Arizona

The Latest: New tests unravel Phoenix freeway shooting case

  • FILE - In this Sept. 11, 2015 file photo, a sign displays a shooter tip line above Interstate 10 in Phoenix. After weeks of random shootings on Phoenix freeways that rattled residents, police believed they had their man when they arrested Leslie Merritt Jr. Seven months later the entire case fell apart, leading to his release, the dismissal of charges and allegations of a botched investigation. (AP Photo/Ross D. Franklin, File)

    FILE - In this Sept. 11, 2015 file photo, a sign displays a shooter tip line above Interstate 10 in Phoenix. After weeks of random shootings on Phoenix freeways that rattled residents, police believed they had their man when they arrested Leslie Merritt Jr. Seven months later the entire case fell apart, leading to his release, the dismissal of charges and allegations of a botched investigation. (AP Photo/Ross D. Franklin, File)  (The Associated Press)

  • FILE - In this Sept. 19, 2015 file photo, Leslie Allen Merritt Jr., enters a hearing room at the Maricopa County Sheriff's Office in Phoenix. After weeks of random shootings on Phoenix freeways that rattled residents, police believed they had their man when they arrested Merritt. Seven months later the entire case fell apart, leading to his release, the dismissal of charges and allegations of a botched investigation.  (Rob Schumacher/The Arizona Republic via AP, Pool, File)

    FILE - In this Sept. 19, 2015 file photo, Leslie Allen Merritt Jr., enters a hearing room at the Maricopa County Sheriff's Office in Phoenix. After weeks of random shootings on Phoenix freeways that rattled residents, police believed they had their man when they arrested Merritt. Seven months later the entire case fell apart, leading to his release, the dismissal of charges and allegations of a botched investigation. (Rob Schumacher/The Arizona Republic via AP, Pool, File)  (The Associated Press)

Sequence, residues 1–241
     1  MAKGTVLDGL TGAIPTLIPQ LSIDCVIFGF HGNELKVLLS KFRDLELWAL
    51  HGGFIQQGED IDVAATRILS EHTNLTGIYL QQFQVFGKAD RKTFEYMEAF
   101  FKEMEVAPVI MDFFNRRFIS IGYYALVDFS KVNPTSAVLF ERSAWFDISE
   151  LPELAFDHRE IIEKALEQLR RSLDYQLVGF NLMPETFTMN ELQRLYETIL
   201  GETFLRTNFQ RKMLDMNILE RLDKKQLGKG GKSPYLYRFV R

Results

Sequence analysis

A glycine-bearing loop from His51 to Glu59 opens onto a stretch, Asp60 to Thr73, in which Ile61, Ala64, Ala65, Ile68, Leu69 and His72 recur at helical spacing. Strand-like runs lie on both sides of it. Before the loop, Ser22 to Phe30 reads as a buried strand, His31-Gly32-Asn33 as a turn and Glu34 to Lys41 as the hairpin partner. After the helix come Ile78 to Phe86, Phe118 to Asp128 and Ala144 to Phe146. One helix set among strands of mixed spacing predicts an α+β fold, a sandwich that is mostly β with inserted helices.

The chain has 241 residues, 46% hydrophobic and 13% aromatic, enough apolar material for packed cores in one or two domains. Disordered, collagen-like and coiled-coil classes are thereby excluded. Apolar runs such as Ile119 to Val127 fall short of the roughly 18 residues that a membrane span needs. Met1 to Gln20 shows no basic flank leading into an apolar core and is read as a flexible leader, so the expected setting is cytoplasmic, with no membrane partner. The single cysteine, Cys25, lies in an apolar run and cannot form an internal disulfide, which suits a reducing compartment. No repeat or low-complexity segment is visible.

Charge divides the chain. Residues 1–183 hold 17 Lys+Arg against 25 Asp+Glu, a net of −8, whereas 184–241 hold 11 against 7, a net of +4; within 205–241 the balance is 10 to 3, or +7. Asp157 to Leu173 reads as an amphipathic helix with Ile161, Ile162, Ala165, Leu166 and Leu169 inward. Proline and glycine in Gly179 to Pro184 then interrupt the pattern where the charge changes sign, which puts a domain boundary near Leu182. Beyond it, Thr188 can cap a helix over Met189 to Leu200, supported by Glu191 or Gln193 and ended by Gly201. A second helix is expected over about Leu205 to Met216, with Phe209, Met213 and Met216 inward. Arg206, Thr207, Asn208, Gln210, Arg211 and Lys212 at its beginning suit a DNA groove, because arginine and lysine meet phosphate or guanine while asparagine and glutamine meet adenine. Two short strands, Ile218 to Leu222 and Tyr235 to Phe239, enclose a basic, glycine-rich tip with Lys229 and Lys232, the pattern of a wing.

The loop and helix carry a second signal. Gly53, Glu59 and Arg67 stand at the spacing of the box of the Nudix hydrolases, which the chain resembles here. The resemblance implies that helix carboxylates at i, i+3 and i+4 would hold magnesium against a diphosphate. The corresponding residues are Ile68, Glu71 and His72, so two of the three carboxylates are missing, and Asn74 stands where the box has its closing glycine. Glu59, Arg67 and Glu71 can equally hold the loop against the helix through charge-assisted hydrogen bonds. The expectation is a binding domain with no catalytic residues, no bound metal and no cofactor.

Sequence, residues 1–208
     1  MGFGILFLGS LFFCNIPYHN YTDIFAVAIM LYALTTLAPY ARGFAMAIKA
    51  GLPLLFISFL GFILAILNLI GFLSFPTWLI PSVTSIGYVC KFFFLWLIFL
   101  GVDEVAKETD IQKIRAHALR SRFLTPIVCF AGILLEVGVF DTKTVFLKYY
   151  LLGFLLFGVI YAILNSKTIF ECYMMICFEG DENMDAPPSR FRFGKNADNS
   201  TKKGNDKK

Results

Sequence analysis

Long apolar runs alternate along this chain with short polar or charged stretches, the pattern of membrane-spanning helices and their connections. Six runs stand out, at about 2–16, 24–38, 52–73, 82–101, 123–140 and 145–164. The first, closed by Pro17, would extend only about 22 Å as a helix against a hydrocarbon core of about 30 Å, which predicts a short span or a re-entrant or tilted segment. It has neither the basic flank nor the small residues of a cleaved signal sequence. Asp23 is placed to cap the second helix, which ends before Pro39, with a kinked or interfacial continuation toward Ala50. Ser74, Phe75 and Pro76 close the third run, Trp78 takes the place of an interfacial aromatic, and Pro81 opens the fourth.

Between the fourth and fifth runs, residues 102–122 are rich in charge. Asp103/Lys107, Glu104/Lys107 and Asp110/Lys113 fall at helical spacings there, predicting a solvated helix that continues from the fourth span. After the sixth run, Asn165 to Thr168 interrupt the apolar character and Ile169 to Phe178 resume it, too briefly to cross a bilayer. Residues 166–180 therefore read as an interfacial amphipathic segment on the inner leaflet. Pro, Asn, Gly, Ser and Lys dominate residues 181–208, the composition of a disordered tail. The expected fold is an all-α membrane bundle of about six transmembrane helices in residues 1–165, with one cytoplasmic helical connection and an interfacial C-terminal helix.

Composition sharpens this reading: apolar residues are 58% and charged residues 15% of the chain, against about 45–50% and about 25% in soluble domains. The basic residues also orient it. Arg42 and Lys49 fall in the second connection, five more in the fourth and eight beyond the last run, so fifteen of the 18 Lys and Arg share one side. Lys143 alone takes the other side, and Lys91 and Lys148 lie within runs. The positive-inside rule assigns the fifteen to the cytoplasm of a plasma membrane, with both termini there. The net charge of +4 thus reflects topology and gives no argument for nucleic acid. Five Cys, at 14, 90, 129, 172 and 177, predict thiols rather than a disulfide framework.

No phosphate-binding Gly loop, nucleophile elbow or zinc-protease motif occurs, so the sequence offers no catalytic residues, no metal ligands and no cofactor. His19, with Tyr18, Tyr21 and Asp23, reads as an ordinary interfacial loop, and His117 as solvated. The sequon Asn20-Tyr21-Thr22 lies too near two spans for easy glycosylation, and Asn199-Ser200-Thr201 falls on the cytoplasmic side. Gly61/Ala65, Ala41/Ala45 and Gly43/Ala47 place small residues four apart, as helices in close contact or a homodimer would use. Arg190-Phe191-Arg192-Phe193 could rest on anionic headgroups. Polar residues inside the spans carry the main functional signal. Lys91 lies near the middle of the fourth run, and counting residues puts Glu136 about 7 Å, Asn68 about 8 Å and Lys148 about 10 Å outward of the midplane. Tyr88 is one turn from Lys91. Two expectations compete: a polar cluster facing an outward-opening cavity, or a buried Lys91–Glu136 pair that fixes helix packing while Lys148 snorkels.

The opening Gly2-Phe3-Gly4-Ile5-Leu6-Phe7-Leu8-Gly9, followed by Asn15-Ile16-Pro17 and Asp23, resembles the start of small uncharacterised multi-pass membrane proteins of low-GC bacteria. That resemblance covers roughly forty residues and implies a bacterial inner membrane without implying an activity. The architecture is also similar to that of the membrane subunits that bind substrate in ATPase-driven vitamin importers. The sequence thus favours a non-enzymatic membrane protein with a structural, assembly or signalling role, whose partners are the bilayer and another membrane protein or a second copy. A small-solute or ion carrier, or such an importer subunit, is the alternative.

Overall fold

• FILE - In this April 27, 2016 file photo, Maricopa County District Attorney Bill Montgomery discusses charges being dropped against Leslie Merritt Jr. in the freeway shootings case. After weeks of random shootings on Phoenix freeways that rattled residents, police believed they had their man when they arrested Merritt. Seven months later the entire case fell apart, leading to his release, the dismissal of charges and allegations of a botched investigation. (AP Photo/Matt York, File)

    FILE - In this April 27, 2016 file photo, Maricopa County District Attorney Bill Montgomery discusses charges being dropped against Leslie Merritt Jr. in the freeway shootings case. After weeks of random shootings on Phoenix freeways that rattled residents, police believed they had their man when they arrested Merritt. Seven months later the entire case fell apart, leading to his release, the dismissal of charges and allegations of a botched investigation. (AP Photo/Matt York, File)  (The Associated Press)

The Latest on the dismissal of charges in the Phoenix freeway shooting case (all times local):

8:50 a.m.

Seven months after an arrest, the entire case against a suspect in a series of freeway shootings that rattled Phoenix residents has fallen apart.

An analysis from an independent forensics expert hired by the prosecution now has the Arizona Department of Public Safety facing allegations of a botched investigation and a gunman authorities dubbed a domestic terrorist possibly still on the loose.

The dismissal of charges against Leslie Merritt Jr. last week was a shocking reversal.

A DPS crime lab found a match in September between bullets from four shootings to a gun belonging to Merritt.

DPS Director Frank Milstead, however, said Friday that he believes there is enough evidence to show Merritt is the correct suspect.

Police say the shootings began Aug. 27 and continued until Sept. 10.

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8:25 a.m.

Seven months after an arrest, the entire case against a suspect in a series of freeway shootings that rattled Phoenix residents fell apart.

Leslie Merritt's arrest, the entire case fell apart, leading to his release, the dismissal of charges, allegations of a botched investigation and a gunman authorities dubbed a domestic terrorist possibly still on the loose.

Police believe the shootings began Aug. 27 and continued until Sept. 10. Investigators determined eight of the incidents were bullet strikes while the remaining three were some other projectiles.

A DPS crime lab found a match between bullets from four shootings to a gun belonging to Merritt.

But a forensics expert hired by the prosecution re-tested the bullets found the lab had come to a faulty conclusion.

DPS Director Frank Milstead, however, said Friday that he believes there is enough evidence to show Merritt is the correct suspect.